The investigation included the review of approximately 18,000 documents totaling more than 50,000 pages, interviews of a wide range of individuals and the use of outside forensic experts to verify the authenticity of key documents.

The NFL has a longstanding rule prohibiting “Non-Contract Bonuses.” Non-contract bonuses violate both the NFL Constitution and By-Laws and the Collective Bargaining Agreement.  Clubs are advised every year of this rule in a memo from the commissioner. Citing Sections 9.1(C)(8), and 9.3(F) and (G) of the Constitution and By-Laws, the memo for the 2011 season stated:

“No bonus or award may directly or indirectly be offered, promised, announced,  or paid to a player for his or his team’s performance against a particular team or opposing player or a particular group thereof. No bonuses or awards may be offered or paid for on field misconduct (for example, personal fouls to or injuries inflicted on opposing players).”

“Our investigation began in early 2010 when allegations were first made that Saints players had targeted opposing plyers, including Kurt Warner of the Cardinals and Brett Favre of the Vikings,” Commissioner Goodell said. “Our security department interviewed numerous players and other individuals. At the time, those interviewed denied that any such program existed and the player that made the allegation retracted his earlier assertions. As a result, the allegations could not be proven. We recently received significant and credible new information and the investigation was re-opened during the latter part of the 2011 season.”

The additional investigation established the following facts: 

1.     During the 2009, 2010 and 2011 seasons, the players and other participants involved used their own money to fund a “Pay for Performance” program. Players earned cash awards for plays such as interceptions or fumble recoveries. They also earned “bounty” payments for “cart-offs” and “knockouts.” All such payments violate league rules for non-contract bonuses.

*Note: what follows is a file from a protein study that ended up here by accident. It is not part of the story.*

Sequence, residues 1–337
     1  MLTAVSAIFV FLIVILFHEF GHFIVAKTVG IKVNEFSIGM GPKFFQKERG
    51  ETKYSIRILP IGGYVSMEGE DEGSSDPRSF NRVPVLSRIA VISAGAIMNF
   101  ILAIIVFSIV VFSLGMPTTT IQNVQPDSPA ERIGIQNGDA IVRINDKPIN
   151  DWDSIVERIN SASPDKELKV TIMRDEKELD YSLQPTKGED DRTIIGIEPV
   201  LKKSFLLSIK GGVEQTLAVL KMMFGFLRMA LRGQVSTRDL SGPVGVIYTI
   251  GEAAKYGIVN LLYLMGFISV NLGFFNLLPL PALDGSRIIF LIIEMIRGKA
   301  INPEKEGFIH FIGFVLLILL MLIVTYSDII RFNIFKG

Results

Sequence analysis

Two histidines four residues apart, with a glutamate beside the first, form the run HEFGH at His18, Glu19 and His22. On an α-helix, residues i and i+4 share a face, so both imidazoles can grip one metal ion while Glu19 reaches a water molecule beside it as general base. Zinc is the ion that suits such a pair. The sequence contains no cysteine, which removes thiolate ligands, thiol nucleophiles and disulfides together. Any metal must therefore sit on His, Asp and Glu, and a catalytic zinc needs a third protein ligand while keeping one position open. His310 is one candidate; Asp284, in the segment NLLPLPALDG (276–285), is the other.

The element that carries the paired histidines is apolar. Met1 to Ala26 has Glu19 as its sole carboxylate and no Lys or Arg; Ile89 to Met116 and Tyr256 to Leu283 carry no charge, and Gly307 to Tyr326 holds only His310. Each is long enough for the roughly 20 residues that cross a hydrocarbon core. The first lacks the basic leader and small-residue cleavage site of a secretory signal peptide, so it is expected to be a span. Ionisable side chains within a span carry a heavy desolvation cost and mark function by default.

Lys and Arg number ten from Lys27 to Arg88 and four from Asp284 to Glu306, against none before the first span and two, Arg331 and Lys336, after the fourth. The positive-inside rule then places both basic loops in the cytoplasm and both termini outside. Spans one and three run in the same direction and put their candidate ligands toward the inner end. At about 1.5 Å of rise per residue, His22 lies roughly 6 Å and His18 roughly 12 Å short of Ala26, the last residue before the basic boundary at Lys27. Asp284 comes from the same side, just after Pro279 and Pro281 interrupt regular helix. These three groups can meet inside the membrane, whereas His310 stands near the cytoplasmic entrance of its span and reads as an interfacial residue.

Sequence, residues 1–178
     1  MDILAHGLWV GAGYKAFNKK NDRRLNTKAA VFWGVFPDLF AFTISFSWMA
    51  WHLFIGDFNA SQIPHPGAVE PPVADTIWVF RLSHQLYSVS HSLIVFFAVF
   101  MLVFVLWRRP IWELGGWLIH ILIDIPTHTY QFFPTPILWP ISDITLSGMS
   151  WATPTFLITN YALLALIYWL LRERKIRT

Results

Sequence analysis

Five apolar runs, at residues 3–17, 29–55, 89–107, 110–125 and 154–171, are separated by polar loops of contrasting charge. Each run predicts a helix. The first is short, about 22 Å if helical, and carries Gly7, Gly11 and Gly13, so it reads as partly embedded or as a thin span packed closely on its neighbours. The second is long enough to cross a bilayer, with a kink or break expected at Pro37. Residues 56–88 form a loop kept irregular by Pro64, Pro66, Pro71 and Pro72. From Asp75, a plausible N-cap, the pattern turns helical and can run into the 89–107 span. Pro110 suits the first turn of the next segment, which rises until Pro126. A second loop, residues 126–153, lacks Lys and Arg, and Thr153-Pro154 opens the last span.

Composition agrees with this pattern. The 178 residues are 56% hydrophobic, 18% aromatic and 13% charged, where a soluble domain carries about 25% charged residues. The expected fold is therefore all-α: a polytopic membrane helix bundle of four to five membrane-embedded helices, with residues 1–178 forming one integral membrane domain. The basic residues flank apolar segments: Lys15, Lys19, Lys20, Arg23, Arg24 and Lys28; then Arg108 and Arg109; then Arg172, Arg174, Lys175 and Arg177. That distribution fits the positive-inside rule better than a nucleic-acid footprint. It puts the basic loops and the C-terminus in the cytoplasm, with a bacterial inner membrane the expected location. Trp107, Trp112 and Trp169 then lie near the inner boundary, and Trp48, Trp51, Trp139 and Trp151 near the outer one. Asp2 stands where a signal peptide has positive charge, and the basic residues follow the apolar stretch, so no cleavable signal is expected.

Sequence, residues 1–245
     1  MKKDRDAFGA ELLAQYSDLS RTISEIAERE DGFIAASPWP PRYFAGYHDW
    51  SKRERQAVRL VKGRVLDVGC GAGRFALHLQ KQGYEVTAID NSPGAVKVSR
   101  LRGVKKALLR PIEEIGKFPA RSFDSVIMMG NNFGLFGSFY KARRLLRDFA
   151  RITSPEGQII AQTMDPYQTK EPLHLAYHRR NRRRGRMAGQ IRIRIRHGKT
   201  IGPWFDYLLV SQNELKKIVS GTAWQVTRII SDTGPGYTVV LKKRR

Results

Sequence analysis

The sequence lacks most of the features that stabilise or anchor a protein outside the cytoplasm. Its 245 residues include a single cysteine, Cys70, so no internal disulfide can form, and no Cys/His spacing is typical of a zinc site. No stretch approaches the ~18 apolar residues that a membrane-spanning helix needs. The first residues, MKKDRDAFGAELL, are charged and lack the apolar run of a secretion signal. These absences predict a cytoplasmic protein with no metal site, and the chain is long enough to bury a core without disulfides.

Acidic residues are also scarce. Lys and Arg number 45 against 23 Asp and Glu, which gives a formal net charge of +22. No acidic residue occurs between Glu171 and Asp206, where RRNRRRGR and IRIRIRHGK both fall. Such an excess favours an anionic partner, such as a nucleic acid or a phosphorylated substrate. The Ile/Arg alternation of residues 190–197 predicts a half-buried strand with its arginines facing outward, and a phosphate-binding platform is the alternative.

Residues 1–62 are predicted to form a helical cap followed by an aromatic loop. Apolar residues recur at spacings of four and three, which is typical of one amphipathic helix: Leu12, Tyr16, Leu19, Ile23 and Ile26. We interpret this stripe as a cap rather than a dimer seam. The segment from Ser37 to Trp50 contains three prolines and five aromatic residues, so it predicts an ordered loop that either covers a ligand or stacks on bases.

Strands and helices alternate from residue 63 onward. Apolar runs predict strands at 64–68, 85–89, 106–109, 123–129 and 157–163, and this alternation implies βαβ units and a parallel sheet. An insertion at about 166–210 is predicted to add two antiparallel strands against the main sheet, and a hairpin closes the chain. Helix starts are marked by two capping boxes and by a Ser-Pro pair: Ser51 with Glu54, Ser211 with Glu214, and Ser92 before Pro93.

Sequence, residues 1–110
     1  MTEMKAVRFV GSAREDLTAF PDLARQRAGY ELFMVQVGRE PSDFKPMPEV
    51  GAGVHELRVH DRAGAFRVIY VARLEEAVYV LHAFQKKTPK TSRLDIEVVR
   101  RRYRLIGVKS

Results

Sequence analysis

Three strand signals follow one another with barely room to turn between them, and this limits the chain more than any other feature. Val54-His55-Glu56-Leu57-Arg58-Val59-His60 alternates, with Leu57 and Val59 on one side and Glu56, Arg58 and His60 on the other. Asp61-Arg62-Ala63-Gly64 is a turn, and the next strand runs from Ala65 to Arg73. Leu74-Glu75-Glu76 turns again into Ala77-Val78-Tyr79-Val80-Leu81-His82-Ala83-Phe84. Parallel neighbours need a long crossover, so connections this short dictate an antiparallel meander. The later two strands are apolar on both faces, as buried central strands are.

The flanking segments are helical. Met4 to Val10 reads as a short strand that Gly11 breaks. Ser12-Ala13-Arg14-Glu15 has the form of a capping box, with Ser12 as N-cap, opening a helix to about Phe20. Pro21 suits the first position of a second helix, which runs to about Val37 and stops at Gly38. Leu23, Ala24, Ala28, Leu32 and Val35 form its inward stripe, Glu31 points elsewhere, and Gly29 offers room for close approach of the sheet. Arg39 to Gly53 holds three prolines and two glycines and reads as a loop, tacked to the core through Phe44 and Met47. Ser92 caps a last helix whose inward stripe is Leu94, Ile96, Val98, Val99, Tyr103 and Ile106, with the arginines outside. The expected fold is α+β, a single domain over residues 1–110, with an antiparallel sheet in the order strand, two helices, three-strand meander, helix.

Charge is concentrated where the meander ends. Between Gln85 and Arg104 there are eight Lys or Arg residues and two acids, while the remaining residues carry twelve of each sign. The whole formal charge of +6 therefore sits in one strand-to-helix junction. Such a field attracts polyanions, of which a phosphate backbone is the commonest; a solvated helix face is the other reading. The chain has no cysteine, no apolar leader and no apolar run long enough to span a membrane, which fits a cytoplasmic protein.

2.     Players were willing and enthusiastic participants in the program, contributing regularly and at times pledging large amounts. Between 22 and 27 defensive players contributed funds to the pool over the course of three NFL seasons. In some cases, the amounts pledged were both significant and directed against a specific opposing player.

3.     The bounty program was administered by defensive coordinator Gregg Williams with the knowledge of other defensive coaches. Funds were contributed on occasion by Williams.

4.     Saints owner Tom Benson gave immediate and full cooperation to the investigators. The evidence conclusively established that Mr. Benson was not aware of the bounty program. When informed earlier this year of the new information, Mr. Benson advised league staff that he had directed his general manager, Mickey Loomis, to ensure that any bounty program be discontinued immediately. The evidence showed that Mr. Loomis did not carry out Mr. Benson’s directions. Similarly, when the initial allegations were discussed with Mr. Loomis in 2010, he denied any knowledge of a bounty program and pledged that he would ensure that no such program was in place. There is no evidence that Mr. Loomis took any effective action to stop these practices.